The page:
Chiswick hosted brutal regime's party

Myanmar allowed to hold reception at Town Hall

Sign up for our free weekly newsletter

Comment on this story on the

The ruling military government of Myanmar, formerly the British colony Burma, has been allowed to hold a reception here in Chiswick. The event, to mark the 56th Anniversary Independence Day of the Union of Myanmar, took place at Chiswick Town Hall on 4 January. Present on this occasion were more 300 patrons of the Myanmar Association and their guests.

A report in 'The Light of Myanmar' tells of how guests, including Myanmar's Ambassador to the UK Dr Kyaw Win, were entertained with traditional dancing and snacks. The reception came to a close at 4 pm with the singing of National Anthem in chorus.

CiP, the company which are responsible for taking bookings for the Town Hall, have confirmed that this is not the first time the Myanmar Embassy has booked an event at the venue. They have hired the Town Hall several times over the past few years. When the initial request for hiring the venue was received, it went through an approval process by senior management.

This regime has brutally suppressed the movement for democracy in the country. In the 1988 as many as 10,000 students, Buddhist monks and others were reported to be massacred following a clampdown after pro-democracy protests. In 1990, Nobel Prize winner Aung San Suu Kyi's party won an election with 80% of the vote, but the military refused to recognise the result and placed her under house arrest.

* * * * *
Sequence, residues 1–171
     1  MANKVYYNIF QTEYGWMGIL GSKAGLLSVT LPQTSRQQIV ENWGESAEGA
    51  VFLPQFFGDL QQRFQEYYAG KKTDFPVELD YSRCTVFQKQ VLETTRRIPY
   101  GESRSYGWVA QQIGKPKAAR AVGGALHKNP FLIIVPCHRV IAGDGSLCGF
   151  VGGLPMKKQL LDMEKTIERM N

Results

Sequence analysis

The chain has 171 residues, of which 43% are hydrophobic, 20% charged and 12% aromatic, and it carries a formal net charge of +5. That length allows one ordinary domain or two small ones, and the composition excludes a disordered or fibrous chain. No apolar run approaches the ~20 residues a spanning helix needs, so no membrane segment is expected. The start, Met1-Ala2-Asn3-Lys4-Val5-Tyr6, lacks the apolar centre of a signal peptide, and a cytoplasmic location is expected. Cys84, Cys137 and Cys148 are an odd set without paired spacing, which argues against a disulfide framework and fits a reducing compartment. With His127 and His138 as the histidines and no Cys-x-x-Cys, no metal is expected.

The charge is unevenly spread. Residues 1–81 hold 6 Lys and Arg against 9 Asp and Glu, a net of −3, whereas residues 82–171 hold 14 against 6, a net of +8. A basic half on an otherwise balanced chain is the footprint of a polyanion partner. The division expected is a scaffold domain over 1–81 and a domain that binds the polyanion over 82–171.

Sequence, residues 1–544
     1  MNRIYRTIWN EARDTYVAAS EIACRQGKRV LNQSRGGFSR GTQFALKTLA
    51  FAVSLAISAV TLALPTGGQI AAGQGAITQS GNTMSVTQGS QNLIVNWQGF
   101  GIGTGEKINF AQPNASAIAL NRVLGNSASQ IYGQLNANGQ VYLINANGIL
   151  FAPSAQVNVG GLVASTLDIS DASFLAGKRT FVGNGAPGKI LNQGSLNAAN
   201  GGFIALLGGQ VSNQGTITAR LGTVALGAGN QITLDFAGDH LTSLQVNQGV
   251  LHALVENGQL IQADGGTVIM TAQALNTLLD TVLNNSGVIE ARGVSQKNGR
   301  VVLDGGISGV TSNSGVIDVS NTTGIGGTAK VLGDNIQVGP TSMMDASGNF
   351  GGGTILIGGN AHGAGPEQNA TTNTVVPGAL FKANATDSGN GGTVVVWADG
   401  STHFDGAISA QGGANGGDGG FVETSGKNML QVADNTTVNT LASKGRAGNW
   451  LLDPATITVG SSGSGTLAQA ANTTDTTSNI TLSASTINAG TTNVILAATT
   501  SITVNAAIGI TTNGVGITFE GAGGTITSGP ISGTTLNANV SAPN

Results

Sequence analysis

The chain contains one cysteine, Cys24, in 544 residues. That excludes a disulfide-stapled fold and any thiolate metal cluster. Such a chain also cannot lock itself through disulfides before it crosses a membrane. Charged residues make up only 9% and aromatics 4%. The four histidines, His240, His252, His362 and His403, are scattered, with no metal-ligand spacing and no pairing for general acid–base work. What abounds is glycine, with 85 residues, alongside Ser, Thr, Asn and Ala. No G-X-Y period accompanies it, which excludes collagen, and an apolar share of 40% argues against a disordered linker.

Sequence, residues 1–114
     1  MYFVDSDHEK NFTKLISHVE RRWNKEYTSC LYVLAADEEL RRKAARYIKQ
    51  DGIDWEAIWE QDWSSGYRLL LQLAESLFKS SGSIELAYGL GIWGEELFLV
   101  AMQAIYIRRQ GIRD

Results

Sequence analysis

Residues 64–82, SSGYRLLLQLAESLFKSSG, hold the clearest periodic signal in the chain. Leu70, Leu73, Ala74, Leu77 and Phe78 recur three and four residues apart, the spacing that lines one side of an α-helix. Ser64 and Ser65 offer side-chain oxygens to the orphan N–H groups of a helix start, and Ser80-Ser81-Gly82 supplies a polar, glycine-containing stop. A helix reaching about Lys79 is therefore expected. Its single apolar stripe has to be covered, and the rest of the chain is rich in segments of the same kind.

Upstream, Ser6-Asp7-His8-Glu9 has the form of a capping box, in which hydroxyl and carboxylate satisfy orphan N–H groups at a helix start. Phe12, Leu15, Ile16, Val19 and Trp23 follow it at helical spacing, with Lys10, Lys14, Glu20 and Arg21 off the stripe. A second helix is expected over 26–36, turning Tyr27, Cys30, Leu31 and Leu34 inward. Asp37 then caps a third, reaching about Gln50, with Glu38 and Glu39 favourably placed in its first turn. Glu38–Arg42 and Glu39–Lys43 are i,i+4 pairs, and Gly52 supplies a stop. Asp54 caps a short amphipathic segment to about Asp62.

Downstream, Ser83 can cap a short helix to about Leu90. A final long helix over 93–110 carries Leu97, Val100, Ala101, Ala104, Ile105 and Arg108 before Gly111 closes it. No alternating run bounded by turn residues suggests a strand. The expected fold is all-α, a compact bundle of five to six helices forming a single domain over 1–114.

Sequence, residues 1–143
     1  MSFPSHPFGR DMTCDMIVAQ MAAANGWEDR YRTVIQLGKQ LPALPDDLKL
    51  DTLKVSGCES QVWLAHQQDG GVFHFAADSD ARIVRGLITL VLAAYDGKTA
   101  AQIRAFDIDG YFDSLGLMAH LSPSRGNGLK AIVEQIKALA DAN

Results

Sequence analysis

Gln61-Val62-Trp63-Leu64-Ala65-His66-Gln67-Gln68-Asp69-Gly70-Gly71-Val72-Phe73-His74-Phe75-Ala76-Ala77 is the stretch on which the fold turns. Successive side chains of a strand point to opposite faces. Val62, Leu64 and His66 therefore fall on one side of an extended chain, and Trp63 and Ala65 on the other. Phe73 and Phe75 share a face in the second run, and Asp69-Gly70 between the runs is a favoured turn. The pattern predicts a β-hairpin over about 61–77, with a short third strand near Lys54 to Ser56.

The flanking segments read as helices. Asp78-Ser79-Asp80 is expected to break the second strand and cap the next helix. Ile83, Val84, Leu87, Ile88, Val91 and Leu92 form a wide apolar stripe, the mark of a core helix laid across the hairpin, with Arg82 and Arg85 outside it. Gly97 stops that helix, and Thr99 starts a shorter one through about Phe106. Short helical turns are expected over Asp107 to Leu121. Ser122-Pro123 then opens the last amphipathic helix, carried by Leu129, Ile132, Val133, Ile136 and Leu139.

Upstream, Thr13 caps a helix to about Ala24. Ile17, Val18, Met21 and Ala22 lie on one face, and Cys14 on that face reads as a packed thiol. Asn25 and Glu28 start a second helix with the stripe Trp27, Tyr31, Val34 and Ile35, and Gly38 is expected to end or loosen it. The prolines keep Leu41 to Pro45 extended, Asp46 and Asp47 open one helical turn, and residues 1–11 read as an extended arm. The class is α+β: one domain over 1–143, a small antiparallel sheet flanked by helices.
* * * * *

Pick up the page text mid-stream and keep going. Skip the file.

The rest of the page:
The International Labour Organisation, a UN agency, has reported how men, women, children and the elderly are forced to labour on roads, railways and other construction projects. They also face punishments which include: "money demands, physical abuse, beatings, torture, rape and murder".

Third-World debt campaigner, Bono, has spoken out against the regime calling for the release of political prisoners and urging the UN to impose trade sanctions in an effort to overturn military rule. A bloody conflict has raged in this country for over 50 years during which time countless numbers have lost their lives. Myanmar is one of the 15 countries listed by UNís Kofi Annan as using children to fight as soldiers.

The country is also currently the world's largest producer of illegal opium and a major supplier of the raw material for amphetamines.

A CiP spokesperson said, "CIP do not actively support any political regime and as an apolitical organisation we support equal representation. With contentious bookings discussions regarding the actual event will take place. No cause for concern was highlighted, we have received no complaints from the public and there have never been adverse reports from the venue staff who worked on these past events."

February 13, 2004